Gentlemen are expected to be in Morning Dress, which is such a debonair look!  The danger is getting a bit confused with the fact that he is in traditional wedding dress and ladies veer into an outfit which would be suitable for a lunchtime wedding with dancing later.  If your outfit can turn into a look which is “dance-floor” ready then you have probably read the wrong brief!

Goodwood is more relaxed and probably more serious about the horses!  The look here could be more “low-key garden party”.  Hats are encouraged , especially in the Richmond Enclosure, but not so essential.

Pretty much anything goes at weddings nowadays, but the main point is not to upstage the bride! 

Summer opera such as Glyndenbourne, The Grange, or Garsington have varying degrees of formality.  Garsington is probably one of the more laid-back opera events.  Glydenbourne is quite often an area of debate on dress. 

Traditionally, evening dress was de rigour for Glydenbourne and is still regarded as the best way to “honour the performers”.  The code states that “formal dress is customary”, but there are many variations on that theme.  You could consider wearing a floaty, chiffon or silk maxi skirt which would give the impression of long evening-wear, and relaxed elegance.  As at Ascot, an elegant trouser suit would also work.  Just add eye-catching earrings and a jewelled clutch.  A pashmina (although rather "done to death") or better still, an embroidered evening coat, would keep off the evening chill especially if you want to return to your picnic spot at the end of the evening for your flask of coffee and petit fours, or sundowners.  

The point is that if you’ve spent a small fortune on the tickets (which you probably will have done), then make a special occasion of it and dress accordingly.   Contrary to what may seem an elitist approach, black-tie dress is actually a social-leveller when most people are in it.  Any excuse to dress up is a good one!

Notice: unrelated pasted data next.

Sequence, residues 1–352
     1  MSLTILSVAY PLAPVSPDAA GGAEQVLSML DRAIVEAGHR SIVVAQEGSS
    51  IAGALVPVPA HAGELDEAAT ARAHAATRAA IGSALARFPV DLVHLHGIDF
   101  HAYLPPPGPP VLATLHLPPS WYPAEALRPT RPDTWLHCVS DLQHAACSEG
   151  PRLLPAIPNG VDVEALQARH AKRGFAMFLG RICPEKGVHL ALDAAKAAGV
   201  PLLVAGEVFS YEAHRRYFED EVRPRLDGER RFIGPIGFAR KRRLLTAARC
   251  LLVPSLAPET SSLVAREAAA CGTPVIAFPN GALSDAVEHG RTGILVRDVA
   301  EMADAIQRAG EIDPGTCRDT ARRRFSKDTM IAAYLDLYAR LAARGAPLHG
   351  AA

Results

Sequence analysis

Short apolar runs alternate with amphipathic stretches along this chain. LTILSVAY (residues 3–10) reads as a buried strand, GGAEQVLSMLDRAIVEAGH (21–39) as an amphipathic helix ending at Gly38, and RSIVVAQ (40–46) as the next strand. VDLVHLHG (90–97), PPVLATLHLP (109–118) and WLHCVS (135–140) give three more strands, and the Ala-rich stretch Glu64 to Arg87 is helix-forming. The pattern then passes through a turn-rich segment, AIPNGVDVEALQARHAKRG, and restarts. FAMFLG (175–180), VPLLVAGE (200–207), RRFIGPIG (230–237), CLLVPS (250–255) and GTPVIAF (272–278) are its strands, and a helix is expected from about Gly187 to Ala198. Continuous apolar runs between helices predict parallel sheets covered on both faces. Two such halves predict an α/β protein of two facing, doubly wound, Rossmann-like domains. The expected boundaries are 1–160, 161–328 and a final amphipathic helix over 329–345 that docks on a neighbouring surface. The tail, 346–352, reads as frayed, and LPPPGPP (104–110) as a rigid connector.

Although one can say “to be beautiful is to suffer”, when it comes to shoes, in all areas, at all events, elegant but comfortable are the keywords.  With eight hours on your feet at events like Ascot, and probably negotiating muddy puddles, towering stilettos are best avoided. 

 

If you are having the wobbles trying to decide what on earth to wear at any of the above, then give me that worry!  I love occasion-shopping for clients!  Contact me on sarah@sarahgillmorestylist.com or phone on 07801 749 260.

 

Spring-Cleaning Your Self-Esteem

16 Apr 2016

It is April and everything around us seems to be in bloom or slowly unfurling leaves and buds towards the sun (which is yet to make a reliable, regular appearance!). 

It is a time of year when very often we are thinking about making new starts.

Clothes or interest in clothes is often regarded as superficial (particularly as nowadays social-media feeds are full of people doing Selfies and flaunting their bodies and “fashion-sense” for approval).  Sadly, our culture emphasises looks and appearance.  The pressure is enormous!

However, when I see the positive effect that wearing flattering clothes and colours has on women, particularly those who have had a blow to their self-esteem, I realise how it can be turned around into something positive, on a fundamental level.

This form of styling can be therapeutic.  Everyone deserves to feel good, and good about themselves.  It shows a healthy self-love and respect.